Definition Of Happiness In Nicomachean Ethics Book 1

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The True Meaning of Happiness Aristotle tries to answer the famous question of all times. What is the meaning of life? In Nicomachean Ethics Book 1, Aristotle tries to explain his views of human life and the meaning of it. He states that every human's purpose is to gain "Eudimonia" (happiness) , but his definition of happiness is different from what many people's definitions. Aristotle believes happiness is reasoning well, or acting according to virtue. This definition of happiness also incorporates all of the attributes conventionally identified with happiness like virtue, practical wisdom, and pleasure. The main points that Aristotle discuses in his book is the purpose of life is the pursuit of happiness, and his definition of "Eudimonia".…show more content…
Once the reader understood the text they will be able to see how Aristotle tries to reach out to the reader. " Now[if] such a thing [as]happiness,[is] above all else is, held to be: for this we choose always for self and never for the sake of something else , but honor , pleasure, reason, and every virtue we choose indeed for themselves". (Aristotle Book1 Chapter 7). How does this connect with the reader? Well by saying that happiness above everything, it makes the reader feel two ways about it. The readers can either agreed or disagreed with Aristotle. But take a student for example, and ask why to everything he is doing. "Why are you going to school? To earn a degree. Why do you want a degree? I need a degree to obtain employment. Why do you want a job? I need a job so that I can earn money to buy the things I need, such as a house, clothes, food, etc. Why do you need all that? Those things will make me happy. Why do you want to be happy?" (The Great Conversation). At this point the student will realize that they want to be happy for the sake of being happy. This way of thinking can be applied to anyone, therefore the reader would be forced to ask why they do the thing they do. They would conclude the same thing as the student did in the conversation that is quoted. The reader will ultimately see that all they do in their life is so that they can…show more content…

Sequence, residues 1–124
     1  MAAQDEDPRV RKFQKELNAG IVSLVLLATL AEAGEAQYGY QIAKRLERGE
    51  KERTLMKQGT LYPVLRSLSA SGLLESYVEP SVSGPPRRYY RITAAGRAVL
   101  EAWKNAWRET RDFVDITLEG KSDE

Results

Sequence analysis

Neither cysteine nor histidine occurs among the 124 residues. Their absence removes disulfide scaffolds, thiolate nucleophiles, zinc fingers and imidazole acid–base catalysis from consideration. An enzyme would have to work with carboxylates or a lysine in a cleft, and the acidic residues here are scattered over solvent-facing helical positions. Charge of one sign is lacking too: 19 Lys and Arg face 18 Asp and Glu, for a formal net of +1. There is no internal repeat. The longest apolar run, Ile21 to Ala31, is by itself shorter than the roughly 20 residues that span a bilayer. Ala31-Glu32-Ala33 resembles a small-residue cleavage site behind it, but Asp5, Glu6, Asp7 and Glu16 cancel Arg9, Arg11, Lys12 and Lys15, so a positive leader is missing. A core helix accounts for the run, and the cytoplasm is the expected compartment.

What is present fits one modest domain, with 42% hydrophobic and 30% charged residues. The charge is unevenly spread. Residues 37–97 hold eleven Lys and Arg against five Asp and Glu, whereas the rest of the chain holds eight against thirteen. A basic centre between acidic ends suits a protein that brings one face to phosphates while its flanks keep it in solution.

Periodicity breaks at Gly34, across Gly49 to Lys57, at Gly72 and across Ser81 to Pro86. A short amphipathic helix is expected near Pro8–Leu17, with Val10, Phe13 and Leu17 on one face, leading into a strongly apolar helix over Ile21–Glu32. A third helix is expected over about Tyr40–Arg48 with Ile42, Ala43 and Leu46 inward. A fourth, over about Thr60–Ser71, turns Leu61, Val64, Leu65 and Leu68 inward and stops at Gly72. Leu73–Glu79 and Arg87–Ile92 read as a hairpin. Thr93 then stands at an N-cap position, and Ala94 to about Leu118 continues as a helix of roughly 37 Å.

At some point, the text can be hard to understand and at other times, it is clear and direct. Still the writer uses real occupations to show his logic through them." For just as for flute-player, a sculptor, or activity, the good and the "well" is thought to reside in the function, so would it seem to be for man, if he has a function"( Aristotle Book1 Chapter 7). Aristotle uses the sculptor to show that a man who is good at their function is good. Therefore, if the man's function is to make sculpture and they are good at their function, they are a good sculptor. Of course, it's still hard to understand the whole book, but, when Aristotle tries to evolve more real life situations, it becomes clearer and easier to understand. " Finally, after much intellectual flexing, Aristotle embarks on his definition of happiness, or Eudaimonia" (The Great Conversation). The Great Conversation calls Aristotle complex way for writing "intellectual flexing". In other words He just was expressing himself in a smarter way. Then again, who does not want to seem smart. Overall the text itself is hard to comprehend , and maybe even need help from outside sources to fully get the

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